Expansionary fiscal policy pumps money into the public’s reserves. And as the government spends more, employment in domestic industries rises – and so does the productivity of those industries. Investment becomes cheaper and more people are opting into business deals. You can’t knit a blanket without the yarn, you can’t write a paper without doing the research, and you can’t grow an economy without capital investment.

There’s a name for John Boehner’s approach to the budget negotiations. Severe and tangible budget cuts are hallmarks of a contractionary fiscal policy – which is used to shrink the economy when it is being overproductive or when it begins to run the risk of creating dangerous bubbles. And in a country whose populace has a profound fear of the implications of China’s ever accelerating rise, that type of policy is far from appropriate.

The people who get the Republicans elected year in and year out – trade moguls, successful business owners, bigwig executives – have built their careers through financial investment. If the Koch brothers (or their like) treated the country as their business, they would advise their representatives to seek investment for future growth, not slice and dice the federal budget until it’s spread so thin that nothing substantive can be built upon it. It is in the interest of American industry – and the American employment rate – to continue to expand the economy.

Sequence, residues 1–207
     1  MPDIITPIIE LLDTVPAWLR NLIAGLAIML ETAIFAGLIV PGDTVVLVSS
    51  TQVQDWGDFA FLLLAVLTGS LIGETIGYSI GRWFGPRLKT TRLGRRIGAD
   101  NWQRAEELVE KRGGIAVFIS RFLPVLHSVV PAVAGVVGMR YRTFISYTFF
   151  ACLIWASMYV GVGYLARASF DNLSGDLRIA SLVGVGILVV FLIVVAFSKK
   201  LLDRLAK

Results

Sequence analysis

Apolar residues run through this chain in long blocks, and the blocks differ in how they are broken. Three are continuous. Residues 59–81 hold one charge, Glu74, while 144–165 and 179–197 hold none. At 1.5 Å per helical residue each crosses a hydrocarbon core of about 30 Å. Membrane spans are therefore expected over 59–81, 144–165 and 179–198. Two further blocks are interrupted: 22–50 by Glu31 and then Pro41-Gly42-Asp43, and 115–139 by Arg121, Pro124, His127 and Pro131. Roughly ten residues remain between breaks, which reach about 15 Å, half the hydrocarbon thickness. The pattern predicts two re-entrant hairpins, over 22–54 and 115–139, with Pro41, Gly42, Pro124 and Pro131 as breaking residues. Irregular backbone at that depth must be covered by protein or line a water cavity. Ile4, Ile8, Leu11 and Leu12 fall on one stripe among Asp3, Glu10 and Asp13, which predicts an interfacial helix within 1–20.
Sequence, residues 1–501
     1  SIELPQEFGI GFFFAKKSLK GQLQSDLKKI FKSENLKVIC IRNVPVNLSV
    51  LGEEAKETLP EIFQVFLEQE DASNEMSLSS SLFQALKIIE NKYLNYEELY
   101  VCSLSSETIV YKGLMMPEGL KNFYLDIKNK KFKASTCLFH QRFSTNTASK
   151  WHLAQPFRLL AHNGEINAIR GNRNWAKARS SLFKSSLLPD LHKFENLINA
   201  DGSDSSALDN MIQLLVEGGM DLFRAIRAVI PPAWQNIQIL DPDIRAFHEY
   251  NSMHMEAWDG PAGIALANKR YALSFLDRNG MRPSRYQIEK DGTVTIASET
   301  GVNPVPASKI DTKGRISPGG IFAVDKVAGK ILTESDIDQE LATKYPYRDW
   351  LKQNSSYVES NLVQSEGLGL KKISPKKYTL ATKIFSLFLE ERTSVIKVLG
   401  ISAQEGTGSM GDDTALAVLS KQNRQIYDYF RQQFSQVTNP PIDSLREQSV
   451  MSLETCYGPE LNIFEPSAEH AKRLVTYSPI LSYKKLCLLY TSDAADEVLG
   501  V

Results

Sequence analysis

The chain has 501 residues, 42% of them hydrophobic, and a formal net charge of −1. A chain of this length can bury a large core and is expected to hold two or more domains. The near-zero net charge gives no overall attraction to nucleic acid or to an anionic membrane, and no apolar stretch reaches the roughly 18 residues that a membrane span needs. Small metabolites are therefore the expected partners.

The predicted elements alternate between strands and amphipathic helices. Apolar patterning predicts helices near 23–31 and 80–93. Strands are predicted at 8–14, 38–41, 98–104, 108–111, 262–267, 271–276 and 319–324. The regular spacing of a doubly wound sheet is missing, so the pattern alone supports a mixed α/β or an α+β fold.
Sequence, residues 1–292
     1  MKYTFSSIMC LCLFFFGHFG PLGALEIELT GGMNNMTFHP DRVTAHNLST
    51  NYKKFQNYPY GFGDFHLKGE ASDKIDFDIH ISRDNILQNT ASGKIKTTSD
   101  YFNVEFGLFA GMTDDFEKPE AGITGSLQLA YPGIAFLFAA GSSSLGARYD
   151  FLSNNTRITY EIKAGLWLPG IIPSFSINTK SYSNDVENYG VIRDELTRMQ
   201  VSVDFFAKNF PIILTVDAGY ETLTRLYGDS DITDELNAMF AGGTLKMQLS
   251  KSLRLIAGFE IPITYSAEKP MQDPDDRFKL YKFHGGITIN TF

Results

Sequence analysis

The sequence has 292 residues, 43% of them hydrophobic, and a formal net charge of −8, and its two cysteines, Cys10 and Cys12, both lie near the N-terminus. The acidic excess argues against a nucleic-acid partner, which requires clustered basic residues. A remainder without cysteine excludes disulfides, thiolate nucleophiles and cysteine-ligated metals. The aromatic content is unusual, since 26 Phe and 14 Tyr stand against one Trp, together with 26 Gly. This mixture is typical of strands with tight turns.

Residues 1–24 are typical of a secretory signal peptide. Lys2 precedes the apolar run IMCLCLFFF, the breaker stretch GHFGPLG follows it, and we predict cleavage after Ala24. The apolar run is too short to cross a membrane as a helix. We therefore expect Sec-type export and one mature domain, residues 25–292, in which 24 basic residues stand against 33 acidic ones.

When Republicans stand up in town meetings, or on the floor of the House and Senate and wag their fingers at the big, bad, hasty Democrats, they’re simply using scare tactics. The claim that (in a recession or deficit) all spending is disadvantageous is an infantile one. Spending cuts can be helpful in eliminating waste, but it isn’t wasteful to underwrite the American future. If we want lasting positive economic change – if we want to make money – then we’ve gotta spend money.